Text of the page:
You do not have to be the only one to write the letter: letters are often published with multiple signers. You also don’t have to be the only one to write a letter. Several people may write letters on the same topic with the same or slightly different points, and submit them a few days apart, so that the issue stays on the Letters page for a period of time. If you have talented writers in your group, you might encourage one of them to write an editorial article or an "Op-Ed" – that is, an opinion editorial that is usually printed on the citizen opinion page. Most of all, don't limit your communications. Brainstorm for ideas in your group – how can you further your goals by speaking to the readers of your community paper?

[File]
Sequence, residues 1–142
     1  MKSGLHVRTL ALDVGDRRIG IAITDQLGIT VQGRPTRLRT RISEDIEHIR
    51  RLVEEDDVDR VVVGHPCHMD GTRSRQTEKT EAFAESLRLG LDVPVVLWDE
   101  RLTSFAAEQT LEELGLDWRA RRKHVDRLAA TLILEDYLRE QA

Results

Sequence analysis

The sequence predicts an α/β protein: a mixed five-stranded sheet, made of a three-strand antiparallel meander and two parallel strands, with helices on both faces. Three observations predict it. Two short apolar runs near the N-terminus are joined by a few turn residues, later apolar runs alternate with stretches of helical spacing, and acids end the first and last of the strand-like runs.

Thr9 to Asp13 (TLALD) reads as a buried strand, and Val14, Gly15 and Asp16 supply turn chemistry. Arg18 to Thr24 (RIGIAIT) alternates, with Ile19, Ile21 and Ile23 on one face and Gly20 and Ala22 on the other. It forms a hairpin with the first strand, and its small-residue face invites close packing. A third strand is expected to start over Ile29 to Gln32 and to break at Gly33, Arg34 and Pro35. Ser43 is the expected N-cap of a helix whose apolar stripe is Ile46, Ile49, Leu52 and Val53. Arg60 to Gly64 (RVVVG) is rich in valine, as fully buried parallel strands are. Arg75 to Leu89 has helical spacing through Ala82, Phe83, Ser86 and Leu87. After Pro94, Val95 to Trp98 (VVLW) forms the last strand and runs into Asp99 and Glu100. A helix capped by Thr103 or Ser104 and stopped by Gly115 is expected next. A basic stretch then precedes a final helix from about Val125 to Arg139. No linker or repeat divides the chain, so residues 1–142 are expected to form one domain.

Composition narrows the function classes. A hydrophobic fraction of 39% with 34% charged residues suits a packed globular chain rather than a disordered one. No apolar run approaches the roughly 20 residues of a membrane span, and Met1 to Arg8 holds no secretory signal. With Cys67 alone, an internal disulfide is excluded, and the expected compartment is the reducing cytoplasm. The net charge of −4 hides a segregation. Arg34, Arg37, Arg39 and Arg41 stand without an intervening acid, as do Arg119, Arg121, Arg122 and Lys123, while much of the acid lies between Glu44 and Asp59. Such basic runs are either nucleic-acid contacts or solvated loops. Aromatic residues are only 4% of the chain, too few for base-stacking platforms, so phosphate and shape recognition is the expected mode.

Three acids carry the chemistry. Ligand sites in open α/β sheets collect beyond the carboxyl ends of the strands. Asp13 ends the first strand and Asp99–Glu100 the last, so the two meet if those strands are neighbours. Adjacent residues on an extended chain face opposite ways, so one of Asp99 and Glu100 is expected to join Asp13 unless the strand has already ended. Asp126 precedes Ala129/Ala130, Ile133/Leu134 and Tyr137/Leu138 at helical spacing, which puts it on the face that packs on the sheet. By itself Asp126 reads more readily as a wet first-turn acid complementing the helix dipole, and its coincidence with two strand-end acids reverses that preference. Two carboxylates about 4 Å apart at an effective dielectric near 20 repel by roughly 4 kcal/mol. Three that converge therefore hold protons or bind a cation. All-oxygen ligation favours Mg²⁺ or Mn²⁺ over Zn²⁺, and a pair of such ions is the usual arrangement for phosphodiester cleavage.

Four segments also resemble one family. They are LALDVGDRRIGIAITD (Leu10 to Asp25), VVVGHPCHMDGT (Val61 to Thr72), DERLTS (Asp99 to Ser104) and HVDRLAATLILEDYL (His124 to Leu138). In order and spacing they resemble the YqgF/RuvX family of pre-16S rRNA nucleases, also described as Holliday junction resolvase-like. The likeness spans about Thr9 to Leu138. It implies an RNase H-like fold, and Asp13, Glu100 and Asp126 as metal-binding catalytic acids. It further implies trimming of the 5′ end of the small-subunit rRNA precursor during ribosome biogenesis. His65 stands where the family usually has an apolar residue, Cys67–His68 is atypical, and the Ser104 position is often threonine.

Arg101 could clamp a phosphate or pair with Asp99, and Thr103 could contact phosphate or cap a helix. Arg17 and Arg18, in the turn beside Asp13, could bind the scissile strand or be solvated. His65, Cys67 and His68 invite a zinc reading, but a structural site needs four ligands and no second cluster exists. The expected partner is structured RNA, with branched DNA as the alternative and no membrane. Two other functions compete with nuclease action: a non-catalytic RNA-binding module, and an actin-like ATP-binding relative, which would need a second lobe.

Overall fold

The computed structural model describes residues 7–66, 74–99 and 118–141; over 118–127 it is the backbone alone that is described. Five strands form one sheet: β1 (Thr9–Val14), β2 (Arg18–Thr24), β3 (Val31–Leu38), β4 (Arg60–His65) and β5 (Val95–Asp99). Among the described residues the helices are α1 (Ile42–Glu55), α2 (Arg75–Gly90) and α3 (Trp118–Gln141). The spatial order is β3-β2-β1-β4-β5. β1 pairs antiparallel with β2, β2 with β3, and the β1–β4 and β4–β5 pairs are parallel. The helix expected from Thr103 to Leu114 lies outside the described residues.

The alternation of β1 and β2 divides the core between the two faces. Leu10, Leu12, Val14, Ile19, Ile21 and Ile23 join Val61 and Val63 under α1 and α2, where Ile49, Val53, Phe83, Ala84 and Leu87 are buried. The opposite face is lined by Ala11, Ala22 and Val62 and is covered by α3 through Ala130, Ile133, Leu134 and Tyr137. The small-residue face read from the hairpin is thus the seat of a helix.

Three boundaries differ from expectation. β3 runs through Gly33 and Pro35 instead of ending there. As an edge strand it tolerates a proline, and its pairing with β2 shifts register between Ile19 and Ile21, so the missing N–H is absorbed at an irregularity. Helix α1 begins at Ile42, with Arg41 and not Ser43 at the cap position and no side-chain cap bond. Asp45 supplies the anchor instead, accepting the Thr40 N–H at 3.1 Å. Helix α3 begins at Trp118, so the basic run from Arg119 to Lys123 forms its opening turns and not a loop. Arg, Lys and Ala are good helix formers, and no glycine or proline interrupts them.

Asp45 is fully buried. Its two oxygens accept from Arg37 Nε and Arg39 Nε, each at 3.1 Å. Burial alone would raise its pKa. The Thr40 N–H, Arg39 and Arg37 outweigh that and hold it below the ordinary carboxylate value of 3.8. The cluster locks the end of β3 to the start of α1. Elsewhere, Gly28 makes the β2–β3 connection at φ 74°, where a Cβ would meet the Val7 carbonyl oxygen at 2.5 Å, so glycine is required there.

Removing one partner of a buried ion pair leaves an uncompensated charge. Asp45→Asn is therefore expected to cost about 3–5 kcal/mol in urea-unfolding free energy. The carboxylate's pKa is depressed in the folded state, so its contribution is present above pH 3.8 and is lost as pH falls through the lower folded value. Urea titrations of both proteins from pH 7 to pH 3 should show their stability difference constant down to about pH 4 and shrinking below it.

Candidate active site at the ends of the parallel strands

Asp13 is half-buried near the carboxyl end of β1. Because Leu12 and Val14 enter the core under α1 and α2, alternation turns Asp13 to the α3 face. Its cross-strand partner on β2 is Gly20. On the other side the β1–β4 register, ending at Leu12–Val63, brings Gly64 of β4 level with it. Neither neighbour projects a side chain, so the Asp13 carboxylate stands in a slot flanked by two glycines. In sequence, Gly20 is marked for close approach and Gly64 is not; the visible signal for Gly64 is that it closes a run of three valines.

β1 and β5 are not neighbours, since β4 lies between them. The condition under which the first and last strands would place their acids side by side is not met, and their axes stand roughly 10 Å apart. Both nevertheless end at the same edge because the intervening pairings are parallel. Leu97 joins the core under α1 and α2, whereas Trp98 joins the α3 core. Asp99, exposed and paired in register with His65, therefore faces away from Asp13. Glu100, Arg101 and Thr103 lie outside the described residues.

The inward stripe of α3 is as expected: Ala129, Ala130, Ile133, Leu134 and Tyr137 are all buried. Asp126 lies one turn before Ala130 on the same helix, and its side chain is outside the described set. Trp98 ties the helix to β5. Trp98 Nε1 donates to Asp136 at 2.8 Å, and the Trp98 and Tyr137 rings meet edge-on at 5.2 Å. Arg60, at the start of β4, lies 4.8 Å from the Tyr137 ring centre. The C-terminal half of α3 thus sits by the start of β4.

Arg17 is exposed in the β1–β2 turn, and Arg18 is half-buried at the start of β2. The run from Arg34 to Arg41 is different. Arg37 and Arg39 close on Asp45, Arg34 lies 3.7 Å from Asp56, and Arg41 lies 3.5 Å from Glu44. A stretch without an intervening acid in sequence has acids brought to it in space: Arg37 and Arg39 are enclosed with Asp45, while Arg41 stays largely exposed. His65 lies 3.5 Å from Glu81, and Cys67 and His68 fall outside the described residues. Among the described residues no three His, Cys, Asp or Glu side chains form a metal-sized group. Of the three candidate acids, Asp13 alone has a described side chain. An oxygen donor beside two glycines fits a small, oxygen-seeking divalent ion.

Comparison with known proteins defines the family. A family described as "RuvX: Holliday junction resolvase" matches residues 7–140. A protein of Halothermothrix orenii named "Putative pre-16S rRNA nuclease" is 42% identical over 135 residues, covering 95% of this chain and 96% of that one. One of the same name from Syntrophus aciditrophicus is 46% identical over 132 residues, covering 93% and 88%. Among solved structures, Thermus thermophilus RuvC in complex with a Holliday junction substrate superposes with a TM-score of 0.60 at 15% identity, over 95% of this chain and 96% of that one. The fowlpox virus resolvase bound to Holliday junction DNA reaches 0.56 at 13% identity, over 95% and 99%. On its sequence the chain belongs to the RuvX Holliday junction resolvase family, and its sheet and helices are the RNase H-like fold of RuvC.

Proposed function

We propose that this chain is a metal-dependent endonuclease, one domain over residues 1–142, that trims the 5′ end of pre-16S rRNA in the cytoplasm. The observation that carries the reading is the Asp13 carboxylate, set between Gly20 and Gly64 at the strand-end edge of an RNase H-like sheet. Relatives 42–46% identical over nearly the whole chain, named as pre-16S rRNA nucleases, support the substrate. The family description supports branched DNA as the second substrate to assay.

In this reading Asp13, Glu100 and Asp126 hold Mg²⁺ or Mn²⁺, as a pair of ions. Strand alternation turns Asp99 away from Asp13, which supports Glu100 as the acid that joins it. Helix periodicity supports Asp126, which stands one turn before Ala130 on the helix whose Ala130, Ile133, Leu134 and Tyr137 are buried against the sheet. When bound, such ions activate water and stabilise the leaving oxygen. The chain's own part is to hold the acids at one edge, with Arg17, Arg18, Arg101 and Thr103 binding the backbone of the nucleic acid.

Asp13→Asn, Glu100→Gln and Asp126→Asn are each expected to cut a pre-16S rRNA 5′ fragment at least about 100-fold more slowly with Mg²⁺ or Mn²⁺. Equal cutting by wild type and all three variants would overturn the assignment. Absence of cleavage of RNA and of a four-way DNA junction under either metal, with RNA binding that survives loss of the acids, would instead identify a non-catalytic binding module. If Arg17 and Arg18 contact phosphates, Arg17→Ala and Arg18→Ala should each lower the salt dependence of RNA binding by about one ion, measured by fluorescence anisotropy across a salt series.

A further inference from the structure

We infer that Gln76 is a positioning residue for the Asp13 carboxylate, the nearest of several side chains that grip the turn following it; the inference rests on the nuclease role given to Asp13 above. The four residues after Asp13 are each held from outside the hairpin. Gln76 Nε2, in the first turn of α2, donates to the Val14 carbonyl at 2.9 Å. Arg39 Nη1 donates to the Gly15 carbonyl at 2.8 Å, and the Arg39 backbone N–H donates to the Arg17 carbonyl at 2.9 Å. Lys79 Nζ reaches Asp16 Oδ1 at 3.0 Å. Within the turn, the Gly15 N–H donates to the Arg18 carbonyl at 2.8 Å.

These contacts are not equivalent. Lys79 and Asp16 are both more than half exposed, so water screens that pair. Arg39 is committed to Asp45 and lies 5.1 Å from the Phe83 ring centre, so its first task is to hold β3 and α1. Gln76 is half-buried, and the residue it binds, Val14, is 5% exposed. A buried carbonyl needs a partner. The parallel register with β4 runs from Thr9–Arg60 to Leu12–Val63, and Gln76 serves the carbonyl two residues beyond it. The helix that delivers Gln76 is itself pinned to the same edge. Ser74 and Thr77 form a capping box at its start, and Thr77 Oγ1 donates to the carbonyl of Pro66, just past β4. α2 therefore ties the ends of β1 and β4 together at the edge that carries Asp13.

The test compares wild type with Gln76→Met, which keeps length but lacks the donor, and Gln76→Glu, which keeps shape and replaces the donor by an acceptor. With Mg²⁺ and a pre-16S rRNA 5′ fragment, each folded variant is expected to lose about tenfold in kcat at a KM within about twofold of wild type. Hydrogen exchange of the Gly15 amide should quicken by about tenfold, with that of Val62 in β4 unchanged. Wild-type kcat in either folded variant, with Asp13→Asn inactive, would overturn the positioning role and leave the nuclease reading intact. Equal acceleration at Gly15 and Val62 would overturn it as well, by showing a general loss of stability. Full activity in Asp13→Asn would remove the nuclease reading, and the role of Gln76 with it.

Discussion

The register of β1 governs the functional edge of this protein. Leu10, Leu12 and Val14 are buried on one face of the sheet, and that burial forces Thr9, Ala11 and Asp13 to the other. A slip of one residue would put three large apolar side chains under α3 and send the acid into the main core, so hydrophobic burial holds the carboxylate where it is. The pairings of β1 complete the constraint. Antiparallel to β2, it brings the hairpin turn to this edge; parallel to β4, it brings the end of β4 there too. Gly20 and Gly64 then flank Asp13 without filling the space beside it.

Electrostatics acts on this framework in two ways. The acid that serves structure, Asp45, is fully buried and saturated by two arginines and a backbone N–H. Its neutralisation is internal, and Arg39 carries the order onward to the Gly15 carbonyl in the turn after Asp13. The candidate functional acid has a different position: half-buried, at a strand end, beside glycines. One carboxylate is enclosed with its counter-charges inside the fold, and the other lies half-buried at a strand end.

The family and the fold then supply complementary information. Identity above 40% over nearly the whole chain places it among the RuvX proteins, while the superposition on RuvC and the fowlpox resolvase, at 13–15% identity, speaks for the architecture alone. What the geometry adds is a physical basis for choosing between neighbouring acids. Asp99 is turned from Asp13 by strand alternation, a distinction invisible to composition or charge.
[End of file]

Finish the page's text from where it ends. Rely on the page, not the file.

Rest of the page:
What are the most common reasons for rejection? The most prevalent reason is competition. On a typical day The Oregonian may receive up to 100 "In My Opinion" submissions but publish only one. Many of the offerings we receive are simply too long, making points that could have been made in letters to the editor (maximum 250 words, to [email protected] ). Others are turned down because they lack universal interest or repeat a point of view that has already been aired recently in letters or op-ed pieces. Many unsuccessful submissions lack appeal to a wide range of readers or delve into nonlocal subjects that we prefer to leave to the national columnists.